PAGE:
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Compared to some of its New England neighbors, Vermont has seemed to long-time resident David Mamet a place of intrinsic energy and progressiveness, love and commonality. It has lived up to the old story that settlers came up the Connecticut River and turned right to get to New Hampshire and left to get to Vermont. Is Vermont's tradition of live and let live an accident of geography, the happy by-product of 200 years of national neglect, an emanation of its Scots-Irish regional character? Exploring the ways in which his decades in Vermont have shaped his character and his work, Mamet examines each of these strands and how the state's free-thinking tradition can survive in an age of increasing conglomeration. The result is a highly personal and compelling portrait of a truly unique place.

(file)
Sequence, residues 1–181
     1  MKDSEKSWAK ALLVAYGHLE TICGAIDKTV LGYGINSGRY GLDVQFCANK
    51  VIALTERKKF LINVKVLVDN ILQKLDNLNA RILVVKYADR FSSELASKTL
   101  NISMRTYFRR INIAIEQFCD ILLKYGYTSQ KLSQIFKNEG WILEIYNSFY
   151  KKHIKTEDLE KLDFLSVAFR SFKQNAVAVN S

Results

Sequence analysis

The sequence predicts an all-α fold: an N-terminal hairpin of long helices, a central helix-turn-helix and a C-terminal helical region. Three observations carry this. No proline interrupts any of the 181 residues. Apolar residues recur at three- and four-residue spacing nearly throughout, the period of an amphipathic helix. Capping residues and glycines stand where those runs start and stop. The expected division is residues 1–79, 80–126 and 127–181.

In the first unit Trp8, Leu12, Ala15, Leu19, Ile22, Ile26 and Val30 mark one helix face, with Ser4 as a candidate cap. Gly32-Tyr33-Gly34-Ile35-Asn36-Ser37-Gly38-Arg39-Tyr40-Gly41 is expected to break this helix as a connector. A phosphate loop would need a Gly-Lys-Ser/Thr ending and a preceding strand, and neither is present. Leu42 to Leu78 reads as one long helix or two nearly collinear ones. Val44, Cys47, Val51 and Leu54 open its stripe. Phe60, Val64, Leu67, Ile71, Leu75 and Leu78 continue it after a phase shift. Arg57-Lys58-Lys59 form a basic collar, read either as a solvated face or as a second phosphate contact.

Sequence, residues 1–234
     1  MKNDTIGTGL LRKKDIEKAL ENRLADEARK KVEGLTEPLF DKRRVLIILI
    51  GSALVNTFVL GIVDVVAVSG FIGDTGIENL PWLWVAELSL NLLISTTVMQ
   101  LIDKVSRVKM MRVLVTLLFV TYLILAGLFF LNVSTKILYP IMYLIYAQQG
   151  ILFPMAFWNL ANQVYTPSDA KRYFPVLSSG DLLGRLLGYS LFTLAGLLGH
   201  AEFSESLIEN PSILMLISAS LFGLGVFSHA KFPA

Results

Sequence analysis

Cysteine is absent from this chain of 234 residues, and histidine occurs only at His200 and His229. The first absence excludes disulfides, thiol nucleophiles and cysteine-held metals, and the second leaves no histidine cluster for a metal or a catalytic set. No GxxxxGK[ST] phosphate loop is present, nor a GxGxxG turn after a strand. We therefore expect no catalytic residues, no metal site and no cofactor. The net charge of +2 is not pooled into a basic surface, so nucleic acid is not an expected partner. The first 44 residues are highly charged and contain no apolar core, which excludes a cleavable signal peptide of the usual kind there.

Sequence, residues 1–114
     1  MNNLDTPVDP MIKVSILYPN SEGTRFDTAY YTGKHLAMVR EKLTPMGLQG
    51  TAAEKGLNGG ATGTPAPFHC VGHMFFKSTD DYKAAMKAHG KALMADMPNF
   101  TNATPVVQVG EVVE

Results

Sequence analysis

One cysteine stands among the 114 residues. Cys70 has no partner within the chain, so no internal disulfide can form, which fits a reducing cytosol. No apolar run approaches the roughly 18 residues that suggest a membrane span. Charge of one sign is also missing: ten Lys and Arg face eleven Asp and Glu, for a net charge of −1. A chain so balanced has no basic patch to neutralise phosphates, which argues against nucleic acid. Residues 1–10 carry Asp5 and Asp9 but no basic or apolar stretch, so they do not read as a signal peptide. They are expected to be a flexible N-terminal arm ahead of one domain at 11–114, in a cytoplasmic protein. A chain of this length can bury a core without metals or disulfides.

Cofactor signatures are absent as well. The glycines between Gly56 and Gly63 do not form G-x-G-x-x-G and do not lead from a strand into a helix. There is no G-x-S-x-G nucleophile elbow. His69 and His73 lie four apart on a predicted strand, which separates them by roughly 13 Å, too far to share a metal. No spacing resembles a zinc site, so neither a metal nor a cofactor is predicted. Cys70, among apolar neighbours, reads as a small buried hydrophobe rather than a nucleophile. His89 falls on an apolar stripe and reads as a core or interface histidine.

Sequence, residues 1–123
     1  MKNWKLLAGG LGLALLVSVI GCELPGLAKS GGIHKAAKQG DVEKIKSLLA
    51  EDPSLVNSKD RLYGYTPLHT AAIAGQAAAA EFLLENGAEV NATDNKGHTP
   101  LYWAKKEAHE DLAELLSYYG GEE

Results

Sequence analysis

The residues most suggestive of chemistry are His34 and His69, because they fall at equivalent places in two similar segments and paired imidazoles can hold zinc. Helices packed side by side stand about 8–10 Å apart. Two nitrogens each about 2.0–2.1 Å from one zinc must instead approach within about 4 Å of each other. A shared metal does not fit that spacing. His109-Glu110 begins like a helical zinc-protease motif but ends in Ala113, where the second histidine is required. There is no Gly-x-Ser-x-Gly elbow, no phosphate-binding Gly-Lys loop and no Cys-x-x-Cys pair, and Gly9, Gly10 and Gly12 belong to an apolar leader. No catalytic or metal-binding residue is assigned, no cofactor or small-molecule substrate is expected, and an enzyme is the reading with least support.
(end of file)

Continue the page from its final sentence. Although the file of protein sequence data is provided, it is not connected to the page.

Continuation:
About the Author
David Mamet was born in Chicago in 1947. He has taught at Yale Drama School, New York University, and Goddard College. His plays include American Buffalo and Speed-the-Plow. His awards include a Pulitzer Prize, two Obies, two New York Drama Critics Circle Awards, and a Tony. He lives in Vermont.